A Net Water Production Model for Ultrafiltration Including Flow Direction Reversal and Chemically Assisted Backwashing
Abstract:Flow direction reversal (FDR) was proposed as a novel method to increase net water production (NWP) during cross-flow ultrafiltration. The design of the pilot-plant study allowed measurement of specific flux recovery after each chemically assisted backwash (BW) combined with FDR and after each FDR at the midpoint of each BW/FDR cycle. The percent recovery of specific flux was higher following FDR (55%) than combined BW and FDR (53%) at lower chemical dosages; however, the percent increase in specific flux recovery by FDR was much lower (20%) when the chemical dose was doubled. A mathematical model was developed to predict the NWP achieved by any combination of BW/FDR and FDR frequency. For example, the advantage of introducing FDR was demonstrated at the lower chlorine dose, whereby the percent increase in NWP by alternating 15-minute intervals of BW/FDR with FDR over BW/FDR alone was 10% for 30-minute BW/FDR intervals and 2% for 15-minute BW/FDR intervals.
Document Type: Research Article
Publication date: August 1, 2007
More about this publication?
- Water Environment Research® (WER®) publishes peer-reviewed research papers, research notes, state-of-the-art and critical reviews on original, fundamental and applied research in all scientific and technical areas related to water quality, pollution control, and management. An annual Literature Review provides a review of published books and articles on water quality topics from the previous year. Published as: Sewage Works Journal, 1928 - 1949; Sewage and Industrial Wastes, 1950 - 1959; Journal Water Pollution Control Federation, 1959 - Oct 1989; Research Journal Water Pollution Control Federation, Nov 1989 - 1991; Water Environment Research, 1992 - present.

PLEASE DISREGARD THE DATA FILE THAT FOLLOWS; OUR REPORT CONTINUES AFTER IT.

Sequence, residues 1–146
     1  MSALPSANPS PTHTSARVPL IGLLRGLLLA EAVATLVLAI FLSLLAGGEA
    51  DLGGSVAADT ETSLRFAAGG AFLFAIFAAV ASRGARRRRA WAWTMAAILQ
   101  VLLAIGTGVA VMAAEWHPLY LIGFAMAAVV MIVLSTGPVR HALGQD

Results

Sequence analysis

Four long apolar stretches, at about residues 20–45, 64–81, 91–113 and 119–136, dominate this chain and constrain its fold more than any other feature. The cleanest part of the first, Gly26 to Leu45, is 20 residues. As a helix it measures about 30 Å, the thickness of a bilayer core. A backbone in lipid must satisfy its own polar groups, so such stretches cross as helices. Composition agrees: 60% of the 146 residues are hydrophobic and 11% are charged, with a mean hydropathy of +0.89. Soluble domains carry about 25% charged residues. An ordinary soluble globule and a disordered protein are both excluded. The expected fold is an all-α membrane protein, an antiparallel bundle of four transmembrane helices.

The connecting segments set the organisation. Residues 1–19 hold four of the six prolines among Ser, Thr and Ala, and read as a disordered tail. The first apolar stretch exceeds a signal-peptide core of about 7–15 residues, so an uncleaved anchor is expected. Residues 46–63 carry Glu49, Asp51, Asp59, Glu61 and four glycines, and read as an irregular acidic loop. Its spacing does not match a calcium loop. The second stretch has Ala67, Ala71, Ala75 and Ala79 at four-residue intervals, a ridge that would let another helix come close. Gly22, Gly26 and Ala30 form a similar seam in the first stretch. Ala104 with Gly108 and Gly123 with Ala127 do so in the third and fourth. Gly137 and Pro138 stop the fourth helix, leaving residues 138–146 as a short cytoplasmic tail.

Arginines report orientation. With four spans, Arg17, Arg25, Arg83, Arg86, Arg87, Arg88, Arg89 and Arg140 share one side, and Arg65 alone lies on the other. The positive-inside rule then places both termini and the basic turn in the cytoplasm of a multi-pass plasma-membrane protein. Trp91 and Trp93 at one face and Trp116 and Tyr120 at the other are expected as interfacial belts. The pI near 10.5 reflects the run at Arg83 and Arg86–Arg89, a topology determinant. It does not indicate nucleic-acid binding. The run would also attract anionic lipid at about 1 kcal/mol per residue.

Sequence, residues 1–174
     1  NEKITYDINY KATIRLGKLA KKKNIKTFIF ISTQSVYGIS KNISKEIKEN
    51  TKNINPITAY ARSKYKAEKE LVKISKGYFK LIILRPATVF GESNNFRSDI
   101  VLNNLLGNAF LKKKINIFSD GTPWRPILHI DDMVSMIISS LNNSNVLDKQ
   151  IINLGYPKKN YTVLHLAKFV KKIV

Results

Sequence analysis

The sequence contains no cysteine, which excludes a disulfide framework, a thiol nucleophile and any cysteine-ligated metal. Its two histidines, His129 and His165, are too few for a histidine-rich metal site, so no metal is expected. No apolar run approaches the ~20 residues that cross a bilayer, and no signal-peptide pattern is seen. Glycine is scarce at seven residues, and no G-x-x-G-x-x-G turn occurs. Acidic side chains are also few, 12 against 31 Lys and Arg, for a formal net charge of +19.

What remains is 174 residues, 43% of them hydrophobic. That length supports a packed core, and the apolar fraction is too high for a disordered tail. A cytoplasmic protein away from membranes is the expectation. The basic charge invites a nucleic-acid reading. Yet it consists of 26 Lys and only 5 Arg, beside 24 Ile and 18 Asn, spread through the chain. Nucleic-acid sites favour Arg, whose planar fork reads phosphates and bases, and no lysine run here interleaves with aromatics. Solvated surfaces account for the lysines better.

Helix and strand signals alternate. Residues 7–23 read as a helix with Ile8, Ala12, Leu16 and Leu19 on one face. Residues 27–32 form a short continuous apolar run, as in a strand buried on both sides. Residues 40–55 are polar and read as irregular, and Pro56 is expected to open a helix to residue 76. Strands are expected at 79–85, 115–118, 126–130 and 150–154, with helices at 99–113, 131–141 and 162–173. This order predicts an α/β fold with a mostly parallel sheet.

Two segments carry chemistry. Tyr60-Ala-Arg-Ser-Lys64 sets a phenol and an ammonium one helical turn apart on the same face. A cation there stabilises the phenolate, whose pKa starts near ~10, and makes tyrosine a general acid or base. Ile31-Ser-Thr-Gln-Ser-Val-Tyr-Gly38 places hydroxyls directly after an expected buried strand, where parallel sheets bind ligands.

- Editorial Board
- Information for Authors
- Submit a Paper
- Subscribe to this Title
- Membership Information
- Information for Advertisers
- WEF Bookstore
- ingentaconnect is not responsible for the content or availability of external websites